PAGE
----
How Exchange Rates Work

The Euro

On January 1, 2002, the euro became the single currency of 12 member states of the European Union -- making it the second largest currency in the world (the U.S. dollar being the largest). This was, to date, the largest currency event in the history of the world; sixteen national currencies have since completely disappeared and were replaced by the euro. (For even more information on the euro, check out How the Euro Works.)

The original seed for a common currency was planted in 1946 when Winston Churchill suggested the creation of the "United States of Europe." His goals were primarily political, in that he hoped a unified government would bring about peace for a continent that had been torn apart by two world wars.

Although the euro is fundamentally a tool to enhance political solidarity, it also has the economic effect of unifying the economies of participating countries. Some of the euro's advantages, in regard to economics, include:

  • Elimination of exchange-rate fluctuations - The euro eliminates the fluctuations of currency values across certain borders.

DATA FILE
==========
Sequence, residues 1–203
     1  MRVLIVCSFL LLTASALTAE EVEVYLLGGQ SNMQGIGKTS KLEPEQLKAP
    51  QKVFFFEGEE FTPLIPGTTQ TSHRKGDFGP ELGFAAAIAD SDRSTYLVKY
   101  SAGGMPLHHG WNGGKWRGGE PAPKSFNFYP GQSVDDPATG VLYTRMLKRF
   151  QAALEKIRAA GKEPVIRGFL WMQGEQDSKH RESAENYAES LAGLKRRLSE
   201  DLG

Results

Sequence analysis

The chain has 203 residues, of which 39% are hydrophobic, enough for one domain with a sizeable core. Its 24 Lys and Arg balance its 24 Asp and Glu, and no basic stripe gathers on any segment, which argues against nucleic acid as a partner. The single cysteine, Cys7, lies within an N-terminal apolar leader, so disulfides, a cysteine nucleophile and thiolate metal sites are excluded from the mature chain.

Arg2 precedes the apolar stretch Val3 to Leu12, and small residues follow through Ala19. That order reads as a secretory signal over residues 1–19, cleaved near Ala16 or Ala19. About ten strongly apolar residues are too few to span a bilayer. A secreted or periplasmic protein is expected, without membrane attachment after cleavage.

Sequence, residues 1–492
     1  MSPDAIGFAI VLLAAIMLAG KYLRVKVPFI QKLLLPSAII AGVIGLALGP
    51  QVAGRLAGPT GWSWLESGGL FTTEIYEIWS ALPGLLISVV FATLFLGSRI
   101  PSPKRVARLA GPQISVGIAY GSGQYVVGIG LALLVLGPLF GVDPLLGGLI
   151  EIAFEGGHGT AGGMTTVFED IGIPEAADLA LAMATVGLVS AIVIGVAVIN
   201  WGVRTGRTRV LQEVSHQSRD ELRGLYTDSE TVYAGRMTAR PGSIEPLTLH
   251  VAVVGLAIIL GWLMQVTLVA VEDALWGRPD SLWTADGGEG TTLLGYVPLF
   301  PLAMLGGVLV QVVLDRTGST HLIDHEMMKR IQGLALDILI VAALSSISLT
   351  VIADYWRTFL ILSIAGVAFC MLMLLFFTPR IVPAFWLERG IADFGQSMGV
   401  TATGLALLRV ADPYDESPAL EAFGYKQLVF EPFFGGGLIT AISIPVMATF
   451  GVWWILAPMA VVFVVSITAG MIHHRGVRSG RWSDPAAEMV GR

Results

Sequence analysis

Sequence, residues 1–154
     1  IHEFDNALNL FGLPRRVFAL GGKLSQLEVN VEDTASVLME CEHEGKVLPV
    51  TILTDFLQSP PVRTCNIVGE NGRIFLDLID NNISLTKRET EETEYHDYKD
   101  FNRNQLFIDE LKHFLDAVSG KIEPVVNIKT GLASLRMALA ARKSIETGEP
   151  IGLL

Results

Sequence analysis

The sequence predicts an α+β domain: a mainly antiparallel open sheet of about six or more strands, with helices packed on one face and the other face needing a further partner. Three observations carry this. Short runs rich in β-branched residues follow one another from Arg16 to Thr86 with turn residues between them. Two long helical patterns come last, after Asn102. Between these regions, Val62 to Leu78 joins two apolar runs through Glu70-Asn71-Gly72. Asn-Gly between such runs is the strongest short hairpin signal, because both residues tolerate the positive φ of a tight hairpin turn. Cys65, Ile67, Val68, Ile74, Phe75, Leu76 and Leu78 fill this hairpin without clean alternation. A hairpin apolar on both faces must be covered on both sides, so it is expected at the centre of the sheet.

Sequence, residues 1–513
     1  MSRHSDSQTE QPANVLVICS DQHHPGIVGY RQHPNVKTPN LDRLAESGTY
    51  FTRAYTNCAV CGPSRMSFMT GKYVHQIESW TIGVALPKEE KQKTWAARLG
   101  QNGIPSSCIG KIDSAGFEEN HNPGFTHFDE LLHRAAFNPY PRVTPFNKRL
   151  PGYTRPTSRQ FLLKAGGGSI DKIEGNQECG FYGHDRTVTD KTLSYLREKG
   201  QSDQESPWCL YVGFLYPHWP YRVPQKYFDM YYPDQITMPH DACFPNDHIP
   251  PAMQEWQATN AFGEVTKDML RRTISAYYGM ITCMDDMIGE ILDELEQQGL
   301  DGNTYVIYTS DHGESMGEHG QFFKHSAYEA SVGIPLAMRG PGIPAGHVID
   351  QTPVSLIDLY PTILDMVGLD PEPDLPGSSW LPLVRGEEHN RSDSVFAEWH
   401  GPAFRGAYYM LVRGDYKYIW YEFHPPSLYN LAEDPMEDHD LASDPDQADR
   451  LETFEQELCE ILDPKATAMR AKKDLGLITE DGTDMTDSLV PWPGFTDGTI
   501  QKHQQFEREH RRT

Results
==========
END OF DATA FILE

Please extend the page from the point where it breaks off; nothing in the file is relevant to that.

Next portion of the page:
• Transaction costs - Tourists and others who cross several borders during the course of a trip had to exchange their money as they entered each new country. The costs of all of these exchanges added up significantly. With the euro, no exchanges are necessary within the Euroland countries.  
  • Increased trade across borders - The price transparency, elimination of exchange-rate fluctuations, and the elimination of exchange-transaction costs all contribute to an increase in trade across borders of all the Euroland countries.  
  • Increased cross-border employment - With a single currency, it is less cumbersome for people to cross into the next country to work, because their salary is paid in the same currency they use in their own country.

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